"I don't want to make dinner!"
Sarah Seads, BA Kinesiology
Sound familiar?? I'll bet it does!
Even those who truely feel the 'joy of cooking' will experience a lack of desire to make dinner each and every night. Who really wants to come up with creative/healthy/delicious meal ideas 365 days a year? Who dreams of standing in the kitchen for 60+ minutes cooking dinner after a long, busy day?
Often the main reason for this lack of desire is really lack of time. When we have time, we may find cooking enjoyable or even relaxing and it can even provide a creative outlet. But when we are out of time, cooking dinner becomes a burden and just 'one more thing' that we have to do before we can relax. In a dream world I would suggest we change our lifestyle habits by saying NO to extra events, extra extra curricular activities, extra work, bigger tv's, newer cars yadda yadda yadda so that we can create more space in our lives for the good old fashioned basics...like food. I'm not going to lie to you: Preparing real, wholesome food for you and your family (and actually sitting down to enjoy it) requires some time from your day. What you get in exchange for that time, however, is priceless. And, it doesn't actually take as much time as you may think. In exchange for consistently setting aside 30-60 minutes/day you will receive relaxation, time with your family (or yourself!), energy, longevity, nutrient density and a connection between you and your food. And you may even pick up a little 'joy of cooking' along the way;)
That's my two bits on what I think you should try first. I am, however, a realist. Read on for some practical solutions.
Create a weekly meal plan based on how your upcoming week looks. The busier you are, the more important this is. Pick one day to look ahead at the coming week. Identify the days where you will have time to make a nice 'at home' meal, save recipes that may take more time, have more steps or are new to you for these days. Then identify the days where you will not have the time- working late, evening events, out of town, low motivation at the end of the week etc. Select recipes that are simple, require little prep time and are tried and true (or come from 'Plan B', below for these days.
Make your shopping list and fill your cart.
Spend some time preparing anything that may make your life easier during the week –30-60 minutes of prep time will save you hours of time, energy and frustration later in the week!
Cook a batch of quinoa or rice, roast a pan or two of veggies, make a batch of salad dressing, cut up and wash fruits and veggies, prep a 'salad bar' boil up a dozen eggs.
Create Plan 'B'
Create a plan 'B' for the days that you will not be able (or want) to make dinner. Some ideas are:
Make a BIG batch/double size healthy meal on the nights you do have time (or on your days off) and either freeze the left overs or plan to eat them the next day (soups and stews, homemade pizza, quiche, casseroles and burritos all freeze well).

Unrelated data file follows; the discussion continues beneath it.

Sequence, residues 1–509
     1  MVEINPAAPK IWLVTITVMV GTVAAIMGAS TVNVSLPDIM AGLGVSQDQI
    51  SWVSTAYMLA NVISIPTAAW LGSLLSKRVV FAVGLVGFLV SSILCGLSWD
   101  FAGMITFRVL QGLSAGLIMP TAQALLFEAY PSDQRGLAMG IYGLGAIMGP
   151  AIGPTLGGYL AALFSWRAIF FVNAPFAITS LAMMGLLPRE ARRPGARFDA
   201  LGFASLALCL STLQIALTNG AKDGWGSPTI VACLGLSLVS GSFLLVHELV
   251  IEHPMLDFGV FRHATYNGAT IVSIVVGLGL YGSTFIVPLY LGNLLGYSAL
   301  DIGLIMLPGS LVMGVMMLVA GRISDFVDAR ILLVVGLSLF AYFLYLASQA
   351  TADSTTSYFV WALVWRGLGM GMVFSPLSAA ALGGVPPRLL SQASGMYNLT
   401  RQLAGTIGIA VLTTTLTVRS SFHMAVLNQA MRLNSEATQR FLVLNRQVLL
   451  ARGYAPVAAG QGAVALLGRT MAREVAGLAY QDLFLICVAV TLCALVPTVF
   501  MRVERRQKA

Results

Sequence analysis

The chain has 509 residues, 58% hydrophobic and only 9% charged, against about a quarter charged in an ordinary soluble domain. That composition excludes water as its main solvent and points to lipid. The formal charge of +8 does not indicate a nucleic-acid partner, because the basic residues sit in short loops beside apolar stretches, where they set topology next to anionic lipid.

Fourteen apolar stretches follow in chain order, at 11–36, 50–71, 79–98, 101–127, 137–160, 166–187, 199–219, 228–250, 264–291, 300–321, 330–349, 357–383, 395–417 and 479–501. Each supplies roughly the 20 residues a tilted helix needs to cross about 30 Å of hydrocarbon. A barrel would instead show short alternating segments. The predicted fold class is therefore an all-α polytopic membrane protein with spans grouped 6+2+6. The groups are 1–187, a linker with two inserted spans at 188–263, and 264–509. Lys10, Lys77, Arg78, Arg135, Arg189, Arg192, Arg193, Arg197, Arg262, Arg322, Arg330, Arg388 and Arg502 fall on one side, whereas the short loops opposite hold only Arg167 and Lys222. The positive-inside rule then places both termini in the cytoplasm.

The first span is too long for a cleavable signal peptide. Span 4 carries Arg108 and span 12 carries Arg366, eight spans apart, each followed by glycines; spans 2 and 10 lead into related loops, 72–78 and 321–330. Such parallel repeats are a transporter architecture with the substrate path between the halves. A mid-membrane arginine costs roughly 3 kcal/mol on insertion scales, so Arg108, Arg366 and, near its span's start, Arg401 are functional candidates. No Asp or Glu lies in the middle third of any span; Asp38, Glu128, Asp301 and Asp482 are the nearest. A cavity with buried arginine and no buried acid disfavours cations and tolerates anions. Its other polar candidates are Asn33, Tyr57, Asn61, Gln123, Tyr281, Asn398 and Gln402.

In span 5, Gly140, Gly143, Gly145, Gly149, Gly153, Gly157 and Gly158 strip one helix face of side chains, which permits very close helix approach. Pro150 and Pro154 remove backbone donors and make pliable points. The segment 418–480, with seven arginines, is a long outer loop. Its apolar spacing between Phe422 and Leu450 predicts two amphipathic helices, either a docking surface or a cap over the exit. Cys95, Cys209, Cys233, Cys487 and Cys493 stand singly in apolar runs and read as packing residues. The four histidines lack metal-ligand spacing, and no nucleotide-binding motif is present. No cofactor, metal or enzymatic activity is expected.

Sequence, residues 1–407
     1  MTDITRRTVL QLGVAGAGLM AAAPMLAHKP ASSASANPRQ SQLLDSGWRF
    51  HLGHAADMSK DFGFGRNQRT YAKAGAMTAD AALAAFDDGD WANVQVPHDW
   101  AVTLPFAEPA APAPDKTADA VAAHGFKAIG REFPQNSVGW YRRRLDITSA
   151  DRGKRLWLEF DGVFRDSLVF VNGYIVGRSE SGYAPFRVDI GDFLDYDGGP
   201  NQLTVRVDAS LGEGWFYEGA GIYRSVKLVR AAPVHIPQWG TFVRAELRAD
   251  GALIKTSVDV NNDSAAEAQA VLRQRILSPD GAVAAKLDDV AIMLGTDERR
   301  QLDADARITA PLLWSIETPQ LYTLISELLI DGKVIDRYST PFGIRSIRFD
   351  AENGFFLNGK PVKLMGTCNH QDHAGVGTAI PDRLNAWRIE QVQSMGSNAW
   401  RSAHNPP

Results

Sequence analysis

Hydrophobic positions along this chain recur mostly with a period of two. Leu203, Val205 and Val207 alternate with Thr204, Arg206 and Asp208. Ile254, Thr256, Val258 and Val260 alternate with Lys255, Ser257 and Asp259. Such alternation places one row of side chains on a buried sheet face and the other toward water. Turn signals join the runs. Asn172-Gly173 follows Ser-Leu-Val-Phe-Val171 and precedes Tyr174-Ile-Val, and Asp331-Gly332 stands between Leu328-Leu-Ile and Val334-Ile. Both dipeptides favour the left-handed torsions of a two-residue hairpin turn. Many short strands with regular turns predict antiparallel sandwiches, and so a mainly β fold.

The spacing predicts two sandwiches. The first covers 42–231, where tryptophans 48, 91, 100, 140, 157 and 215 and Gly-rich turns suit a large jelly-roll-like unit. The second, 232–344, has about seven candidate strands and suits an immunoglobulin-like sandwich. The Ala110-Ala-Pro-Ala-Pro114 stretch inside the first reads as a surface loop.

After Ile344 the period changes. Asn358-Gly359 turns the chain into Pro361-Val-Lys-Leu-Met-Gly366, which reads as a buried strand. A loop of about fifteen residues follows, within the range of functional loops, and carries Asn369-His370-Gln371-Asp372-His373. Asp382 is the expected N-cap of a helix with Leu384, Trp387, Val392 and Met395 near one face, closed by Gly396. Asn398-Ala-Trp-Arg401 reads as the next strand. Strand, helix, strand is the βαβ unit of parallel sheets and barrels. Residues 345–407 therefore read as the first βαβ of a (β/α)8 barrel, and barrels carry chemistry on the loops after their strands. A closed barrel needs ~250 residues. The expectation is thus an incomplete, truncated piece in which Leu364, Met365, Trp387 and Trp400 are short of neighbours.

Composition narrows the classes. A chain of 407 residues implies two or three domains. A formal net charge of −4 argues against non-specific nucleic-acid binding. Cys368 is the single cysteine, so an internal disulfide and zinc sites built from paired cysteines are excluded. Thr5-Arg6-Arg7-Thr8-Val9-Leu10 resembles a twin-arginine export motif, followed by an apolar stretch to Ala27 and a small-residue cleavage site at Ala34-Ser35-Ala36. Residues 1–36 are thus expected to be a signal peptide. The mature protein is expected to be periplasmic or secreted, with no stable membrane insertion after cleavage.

Make a crockpock/slowcooker meal the night before the busy day (chop up extra ingredients while you are making dinner that night) and plug in the slowcooker in the morning so dinner will be ready to go when you walk in the door from work. If you don't own a slowcooker, see if you can borrow one for a few weeks and you will be convinced to invest in your own!
Plan for a bigger breakfast and lunch- and have an appetizer plate for dinner. Set out a platter of veggies, tuna, humus, whole grain crackers/pita. Think outside the dinner box- have a smoothie!
Get through periods of low cooking motivation by creating a personal 'meal challenge'. Plan to make one new recipe per week. Dig out your cookbooks or go online or endless ideas. Choose a theme by region (Thai, Mexican, Italian) or by ingredient to find inspiration.
Take a cooking class (and get a meal in the process:) at a local kitchen shop or rec centre if your community offers them. This is a great way to find inspiration, learn from the best, get new methods and recipes and have a great dinner out in the process:)
Don't Make Dinner
When the going get's tough you may have to 'call a friend'. Ask a friend (or a few) to join you in a Meal Sharing Month.
Once per week you make enough meals for everyone in the group and then deliver them to their homes.
On the other days, dinner will magically appear on your doorstep and you won't have to cook!
Make meals that are freezer friendly, find out about any allergies/preferences, purchase some tin pans/trays to share and get started right away!
I hope that some of these ideas will inspire you to overcome your 'mealtime' obstacles. One thing is for sure- no obstacle is too great. Where there is a will there is a way and I am sure you will find the way around (or over or under:)
For some fast and healthy snack and meal ideas be sure to check outmy little cookbook NRG: Foods that will move you! Thanks!
Sarah Seads is a Kinesiologist and Fitness Trainer based in the Comox Valley on Vancouver Island, British Columbia. Her company Equilibrium Lifestyle Management, or ELM, offers group 'Fitness Adventures' and Personalized Training programs to assist clients in reaching for their fitness dreams and goals. FMI go to www.elmhealth.com.